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Why data centres are the new cool

06 Nov 2014

With increasing numbers of New Zealand businesses seeking green alternatives, Vocus Communications' Julian Maxwell looks at what makes a data centre green.

More and more businesses are favouring suppliers who have adopted a greener, smarter way to operate. Cost savings, improved operational efficiencies, and a green conscience are some of the drivers.

But what makes for a highly efficient data centre (DC), and which green measures should you look for within a hosted environment?

Power usage efficiency (PUE)This is probably the most important measure when it comes to assessing a data centre’s efficiency. It’s the ratio of total amount of energy used by the facility to the energy delivered to the computing equipment.A PUE value of 2.0 means that for every watt used to power IT equipment, an additional watt is required to deliver the power and keep the equipment cool. Every watt of overhead represents an additional cost. Reducing this overhead reduces the overall operating costs.

According to the Data Centre Journal, the typical PUE for a DC is 2.0. We invested in power saving initiatives, reducing our annualised PUE from 1.8 to 1.5 in our Albany data centre.

Chilled water systems Free cooling is a smart way to use what’s naturally available - fresh air. It uses the cold air from outside to assist in chilling water for the DC’s air conditioning systems.

Free cooling automatically operates when the outside ambient air is cold enough to assist in cooling the water. For us, when ambient temperatures reach seven degrees or below, virtually all of the cooling is provided via this free cooling method - the only electricity consumed is to power the energy efficient fans.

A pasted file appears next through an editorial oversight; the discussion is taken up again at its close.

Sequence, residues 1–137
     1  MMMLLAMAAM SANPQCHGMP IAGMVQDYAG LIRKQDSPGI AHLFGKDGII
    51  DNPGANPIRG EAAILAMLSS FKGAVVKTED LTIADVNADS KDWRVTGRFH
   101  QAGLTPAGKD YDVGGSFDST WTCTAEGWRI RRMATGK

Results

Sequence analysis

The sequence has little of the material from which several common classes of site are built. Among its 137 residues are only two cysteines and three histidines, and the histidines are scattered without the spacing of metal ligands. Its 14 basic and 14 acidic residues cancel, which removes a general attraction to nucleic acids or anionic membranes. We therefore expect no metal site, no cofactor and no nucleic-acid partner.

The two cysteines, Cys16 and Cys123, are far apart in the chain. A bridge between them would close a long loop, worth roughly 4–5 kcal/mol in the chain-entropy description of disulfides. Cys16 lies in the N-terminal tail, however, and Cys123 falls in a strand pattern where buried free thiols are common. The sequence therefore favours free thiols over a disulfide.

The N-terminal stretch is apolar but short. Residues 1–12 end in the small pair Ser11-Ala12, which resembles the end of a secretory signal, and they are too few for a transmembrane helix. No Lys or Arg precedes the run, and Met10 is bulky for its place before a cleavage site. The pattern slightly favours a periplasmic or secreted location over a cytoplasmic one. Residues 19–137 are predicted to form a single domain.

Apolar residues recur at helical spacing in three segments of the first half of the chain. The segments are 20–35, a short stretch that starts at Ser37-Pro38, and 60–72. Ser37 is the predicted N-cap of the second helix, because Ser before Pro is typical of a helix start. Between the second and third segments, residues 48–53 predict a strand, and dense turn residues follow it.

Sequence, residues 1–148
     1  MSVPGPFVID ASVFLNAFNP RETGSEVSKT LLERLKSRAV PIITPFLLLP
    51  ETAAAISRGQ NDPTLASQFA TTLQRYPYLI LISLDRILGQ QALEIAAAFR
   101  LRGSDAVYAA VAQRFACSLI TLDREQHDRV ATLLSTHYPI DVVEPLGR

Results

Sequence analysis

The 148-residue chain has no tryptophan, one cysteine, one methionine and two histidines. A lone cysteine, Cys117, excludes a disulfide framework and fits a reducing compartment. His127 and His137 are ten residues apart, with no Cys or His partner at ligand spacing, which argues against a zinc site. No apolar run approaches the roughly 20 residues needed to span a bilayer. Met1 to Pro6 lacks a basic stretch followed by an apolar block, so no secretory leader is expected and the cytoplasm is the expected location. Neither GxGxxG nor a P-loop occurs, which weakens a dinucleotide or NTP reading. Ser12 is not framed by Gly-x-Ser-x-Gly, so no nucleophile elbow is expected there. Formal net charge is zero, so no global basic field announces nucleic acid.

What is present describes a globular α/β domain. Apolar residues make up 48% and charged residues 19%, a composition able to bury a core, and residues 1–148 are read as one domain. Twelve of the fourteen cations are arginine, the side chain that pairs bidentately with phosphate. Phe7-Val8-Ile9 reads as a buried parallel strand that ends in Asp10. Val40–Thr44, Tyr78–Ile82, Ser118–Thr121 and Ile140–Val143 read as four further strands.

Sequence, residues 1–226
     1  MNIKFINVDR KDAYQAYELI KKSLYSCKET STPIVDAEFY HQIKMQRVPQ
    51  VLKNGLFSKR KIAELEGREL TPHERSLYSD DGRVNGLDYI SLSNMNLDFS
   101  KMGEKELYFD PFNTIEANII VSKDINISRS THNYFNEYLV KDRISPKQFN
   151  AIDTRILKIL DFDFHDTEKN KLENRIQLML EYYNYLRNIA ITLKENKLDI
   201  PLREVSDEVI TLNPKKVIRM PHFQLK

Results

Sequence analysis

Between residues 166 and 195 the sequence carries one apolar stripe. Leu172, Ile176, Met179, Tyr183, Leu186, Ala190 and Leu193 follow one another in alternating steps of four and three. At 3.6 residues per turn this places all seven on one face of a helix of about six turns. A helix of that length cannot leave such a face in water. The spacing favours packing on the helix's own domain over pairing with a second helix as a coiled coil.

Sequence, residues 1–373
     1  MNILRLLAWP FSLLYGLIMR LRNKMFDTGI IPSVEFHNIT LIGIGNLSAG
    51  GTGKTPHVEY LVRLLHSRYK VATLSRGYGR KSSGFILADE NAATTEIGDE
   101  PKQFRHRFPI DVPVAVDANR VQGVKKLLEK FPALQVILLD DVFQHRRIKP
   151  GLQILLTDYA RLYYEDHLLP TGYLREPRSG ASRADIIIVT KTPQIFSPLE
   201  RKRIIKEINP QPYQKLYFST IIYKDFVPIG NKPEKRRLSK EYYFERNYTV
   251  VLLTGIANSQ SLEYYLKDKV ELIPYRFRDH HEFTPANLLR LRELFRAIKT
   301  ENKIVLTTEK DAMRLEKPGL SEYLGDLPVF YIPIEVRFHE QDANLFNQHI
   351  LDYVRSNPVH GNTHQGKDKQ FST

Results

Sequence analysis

Heating, ventilation and air conditioning (HVAC) The pressure to improve HVAC within high computing environments is relentless and a source of constant innovation.

Electronically commutated (EC) fans are generally regarded as the latest thing in energy efficient air movement. These fans have the mechanical arrangement replaced with electronic circuitry and supply the right amount of electric current in the right direction at precisely the right time. In other words, they adjust their speed to the cooling load required, therefore using the minimum amount of power necessary.

Hot and cold air aisle containment Hot and cold air is contained in separate aisles to reduce the mixing of cooled air and hot exhaust air. This reduces energy consumption as cooling becomes more efficient.

Different methods have plus and minus points, too numerous to outline here. What really matters is the air flow management within a data hall.

Our solution has been to install thousands of blanking panels placed within the racks, and retrofitting containment solutions including special roof tiles between the aisles, and insulated, self-closing doors at each end, ensuring the cold air reaches its destination without mixing.

Minimising the energy footprint of your IT infrastructure should be a key priority for any business seeking to protect profitability and reduce impact on the environment.

If you’re considering outsourcing to a data centre, chances are you’re already a step forward in reducing your company’s carbon footprint. You’ll add flexibility, reduce risk and probably save money too.

Julian Maxwell is data centre manager (Albany) for Vocus Communications, a leading supplier of telecommunications, data centre and high bandwidth connectivity solutions.

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